The Palace was off to a great start, but after three consecutive grueling seasons in which the team played over 300 games, it was inevitable that they’d eventually succumb to a younger, hungrier team, and by 1991 the Chicago Bulls superseded them as the league’s next great team.

That didn’t mean The Palace was devoid of success in the remainder of the ‘90s. In 1998, the WNBA’s Detroit Shock moved into the building, winning their first championship within five years. It would be the only time that the Shock would win the Finals at The Palace.

Later, when former “Bad Boy” Bill Laimbeer took over coaching duties, the Shock went from finishing 9-33 in 2005 to winning the WNBA title just a year later. Between 2006 and 2008, the team would appear in three consecutive WNBA Finals, winning two of them and putting the exclamation point on one of the most dominant eras in the league’s history, particularly notable since the team moved to Tulsa in 2009.

All the while, the men’s team had reinvented itself into a new sort of perennial NBA powerhouse without a discernible superstar. Behind the efforts of Chauncey Billups, Richard Hamilton, Rasheed Wallace, Ben Wallace and Tayshaun Prince, the 2003-04 Detroit Pistons shocked the Goliath-like L.A. Lakers, which that year featured not only Shaquille O’Neal and Kobe Bryant, but also Gary Payton and Karl Malone.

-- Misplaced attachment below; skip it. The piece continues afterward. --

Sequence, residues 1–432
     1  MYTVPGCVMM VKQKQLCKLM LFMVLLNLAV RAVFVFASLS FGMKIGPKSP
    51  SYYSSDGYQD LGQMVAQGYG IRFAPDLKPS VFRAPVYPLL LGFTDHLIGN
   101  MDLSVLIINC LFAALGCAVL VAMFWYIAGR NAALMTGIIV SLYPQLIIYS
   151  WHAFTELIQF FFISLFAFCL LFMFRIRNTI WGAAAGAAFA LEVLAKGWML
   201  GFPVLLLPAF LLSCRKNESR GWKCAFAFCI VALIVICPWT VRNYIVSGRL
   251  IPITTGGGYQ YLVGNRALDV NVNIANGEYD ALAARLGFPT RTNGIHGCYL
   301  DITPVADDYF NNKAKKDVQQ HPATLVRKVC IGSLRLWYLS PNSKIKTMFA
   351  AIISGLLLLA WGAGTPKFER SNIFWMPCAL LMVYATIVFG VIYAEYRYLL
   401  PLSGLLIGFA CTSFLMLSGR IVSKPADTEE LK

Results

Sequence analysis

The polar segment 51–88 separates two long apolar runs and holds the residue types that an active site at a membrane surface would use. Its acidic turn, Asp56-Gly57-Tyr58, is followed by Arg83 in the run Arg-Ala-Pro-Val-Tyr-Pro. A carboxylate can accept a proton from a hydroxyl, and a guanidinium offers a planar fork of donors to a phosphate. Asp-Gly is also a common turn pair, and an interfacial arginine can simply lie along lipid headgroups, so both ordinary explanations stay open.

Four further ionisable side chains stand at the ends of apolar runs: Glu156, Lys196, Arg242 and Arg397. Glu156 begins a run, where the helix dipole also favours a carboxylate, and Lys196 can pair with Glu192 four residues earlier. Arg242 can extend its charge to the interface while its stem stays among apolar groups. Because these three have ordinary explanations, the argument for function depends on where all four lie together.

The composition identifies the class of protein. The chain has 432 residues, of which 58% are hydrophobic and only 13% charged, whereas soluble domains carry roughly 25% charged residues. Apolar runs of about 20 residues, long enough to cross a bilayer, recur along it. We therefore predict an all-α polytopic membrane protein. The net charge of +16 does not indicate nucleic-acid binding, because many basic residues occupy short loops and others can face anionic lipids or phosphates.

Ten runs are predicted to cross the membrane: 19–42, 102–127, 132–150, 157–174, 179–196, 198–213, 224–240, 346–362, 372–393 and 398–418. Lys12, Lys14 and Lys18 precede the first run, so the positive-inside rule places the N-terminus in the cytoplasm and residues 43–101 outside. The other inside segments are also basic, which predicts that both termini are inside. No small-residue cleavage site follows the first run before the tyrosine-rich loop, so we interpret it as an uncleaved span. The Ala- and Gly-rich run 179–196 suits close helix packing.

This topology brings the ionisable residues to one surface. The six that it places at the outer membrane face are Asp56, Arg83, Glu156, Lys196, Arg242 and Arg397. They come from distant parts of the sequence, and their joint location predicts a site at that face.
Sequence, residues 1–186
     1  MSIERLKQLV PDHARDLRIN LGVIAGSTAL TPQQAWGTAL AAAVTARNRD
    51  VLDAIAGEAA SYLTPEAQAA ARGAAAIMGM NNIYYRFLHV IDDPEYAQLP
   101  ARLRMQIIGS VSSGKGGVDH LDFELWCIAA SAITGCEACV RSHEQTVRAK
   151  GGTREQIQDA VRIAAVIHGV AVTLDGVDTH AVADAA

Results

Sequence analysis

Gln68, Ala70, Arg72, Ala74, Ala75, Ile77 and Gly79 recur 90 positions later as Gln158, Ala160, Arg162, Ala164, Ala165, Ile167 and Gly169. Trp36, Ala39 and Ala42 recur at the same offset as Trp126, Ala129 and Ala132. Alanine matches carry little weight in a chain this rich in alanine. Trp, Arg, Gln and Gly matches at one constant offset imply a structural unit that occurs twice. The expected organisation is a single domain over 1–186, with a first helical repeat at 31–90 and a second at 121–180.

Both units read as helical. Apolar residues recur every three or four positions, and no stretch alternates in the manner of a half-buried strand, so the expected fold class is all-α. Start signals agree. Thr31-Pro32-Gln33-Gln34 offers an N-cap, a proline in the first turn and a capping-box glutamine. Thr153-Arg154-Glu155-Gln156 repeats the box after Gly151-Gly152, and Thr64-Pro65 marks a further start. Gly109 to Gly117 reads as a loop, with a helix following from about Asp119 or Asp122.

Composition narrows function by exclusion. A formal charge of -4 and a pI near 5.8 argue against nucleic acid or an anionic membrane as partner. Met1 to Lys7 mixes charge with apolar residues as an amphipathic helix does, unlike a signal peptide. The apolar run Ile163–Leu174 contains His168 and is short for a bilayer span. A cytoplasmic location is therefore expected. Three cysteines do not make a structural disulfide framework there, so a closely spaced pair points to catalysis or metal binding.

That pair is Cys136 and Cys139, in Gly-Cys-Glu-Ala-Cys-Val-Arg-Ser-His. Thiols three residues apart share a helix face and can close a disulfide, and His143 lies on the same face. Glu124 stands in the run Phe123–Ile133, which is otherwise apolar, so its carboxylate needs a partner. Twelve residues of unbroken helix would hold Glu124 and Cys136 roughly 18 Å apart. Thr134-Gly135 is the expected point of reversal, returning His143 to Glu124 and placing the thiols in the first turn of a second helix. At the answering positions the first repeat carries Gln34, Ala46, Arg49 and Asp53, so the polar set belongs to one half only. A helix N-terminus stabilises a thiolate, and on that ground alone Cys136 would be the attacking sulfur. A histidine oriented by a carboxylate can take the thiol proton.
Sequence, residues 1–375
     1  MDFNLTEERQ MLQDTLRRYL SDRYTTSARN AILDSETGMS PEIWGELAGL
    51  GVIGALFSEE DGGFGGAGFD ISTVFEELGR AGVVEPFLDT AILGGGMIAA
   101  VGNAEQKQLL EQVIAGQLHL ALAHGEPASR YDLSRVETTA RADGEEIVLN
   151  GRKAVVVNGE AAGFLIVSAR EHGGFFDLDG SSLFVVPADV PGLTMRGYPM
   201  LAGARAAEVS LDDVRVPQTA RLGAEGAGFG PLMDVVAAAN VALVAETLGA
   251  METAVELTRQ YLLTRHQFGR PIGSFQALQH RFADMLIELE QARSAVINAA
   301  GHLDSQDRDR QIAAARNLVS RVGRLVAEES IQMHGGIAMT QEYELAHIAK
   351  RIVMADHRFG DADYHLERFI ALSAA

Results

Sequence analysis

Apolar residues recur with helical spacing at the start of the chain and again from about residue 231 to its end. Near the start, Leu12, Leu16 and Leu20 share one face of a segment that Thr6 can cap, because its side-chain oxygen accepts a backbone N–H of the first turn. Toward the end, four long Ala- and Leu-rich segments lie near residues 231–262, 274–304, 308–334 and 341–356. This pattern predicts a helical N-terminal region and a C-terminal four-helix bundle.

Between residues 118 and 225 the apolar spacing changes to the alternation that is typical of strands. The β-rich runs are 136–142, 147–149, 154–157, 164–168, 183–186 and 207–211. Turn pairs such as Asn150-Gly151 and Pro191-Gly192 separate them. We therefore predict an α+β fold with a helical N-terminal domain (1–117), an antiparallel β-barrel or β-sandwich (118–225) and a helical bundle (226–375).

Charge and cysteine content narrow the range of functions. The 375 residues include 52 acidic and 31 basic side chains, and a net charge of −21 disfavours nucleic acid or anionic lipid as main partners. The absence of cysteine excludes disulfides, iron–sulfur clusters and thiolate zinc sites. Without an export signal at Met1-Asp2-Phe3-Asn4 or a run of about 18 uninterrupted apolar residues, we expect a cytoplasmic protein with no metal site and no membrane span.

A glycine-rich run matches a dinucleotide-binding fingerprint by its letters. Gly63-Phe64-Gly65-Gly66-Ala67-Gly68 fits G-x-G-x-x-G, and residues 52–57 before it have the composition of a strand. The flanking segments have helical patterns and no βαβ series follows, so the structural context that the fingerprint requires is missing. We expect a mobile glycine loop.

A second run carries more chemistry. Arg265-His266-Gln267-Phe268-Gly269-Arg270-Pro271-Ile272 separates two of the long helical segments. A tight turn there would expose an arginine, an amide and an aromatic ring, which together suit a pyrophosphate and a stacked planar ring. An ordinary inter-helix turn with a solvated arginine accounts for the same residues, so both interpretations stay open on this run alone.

The series shocked the entire NBA community, as the Pistons upset the Lakers in only five games, this time winning the championship on The Palace floor for the first time. It only took 16 years, but the Pistons finally gave their hometown fans a title to celebrate on home soil, and it remains arguably the most euphoric moment in the building’s history.

Detroit hasn’t won a title since and made the playoffs last season for the first time since 2009. That, coincidentally, was the longest playoff drought since before the team moved into The Palace, and with a quiet resurgence over the last two seasons, one has to wonder if ownership believes a change in venue will energize the players and the fan base the way it did back in 1988.

Either way, the team will move closer to the majority of its fan base, which makes sense as Detroit boasts one of the largest metropolitan areas in the country, leaving the Palace to be demolished and redeveloped in Auburn Hills. It’s an area that is booming, and early indications are that the 100-acre plot of land, once cleared of all that historic rubble, will be sold and serve as home to a new research and development park.

In other words, it won’t face the same fate as the Pontiac Silverdome, which sat either vacant or sparsely-used for the better part of the last 14 years. All physical memories of The Palace will vanish over the course of the next few years, but it’s important to remember one of the most historic buildings currently in the game.

Only Madison Square Garden has been in use longer than The Palace, and coincidentally those are the only two arenas left in the NBA without garish corporate sponsorships attached to the marquee. The arena has been good to its fans, even if it was a bit of a pain to get out there, but the Detroit Pistons can really be the Detroit Pistons now.

The only sad thing is that no one will ever punch “7 Championship Drive” into their navigation system.

Alan is an expert gambling writer who works as one of the chief editors for Basketball Insiders. He has been covering online gambling and sports betting for over 8 years, having written for the likes of Sportlens,, The Sports Daily, 90min, and His particular specialisms include US online casinos and gambling regulations, and soccer and basketball betting. Based in London, Alan holds an MA in English Literature and is a passionate supporter of Chelsea FC.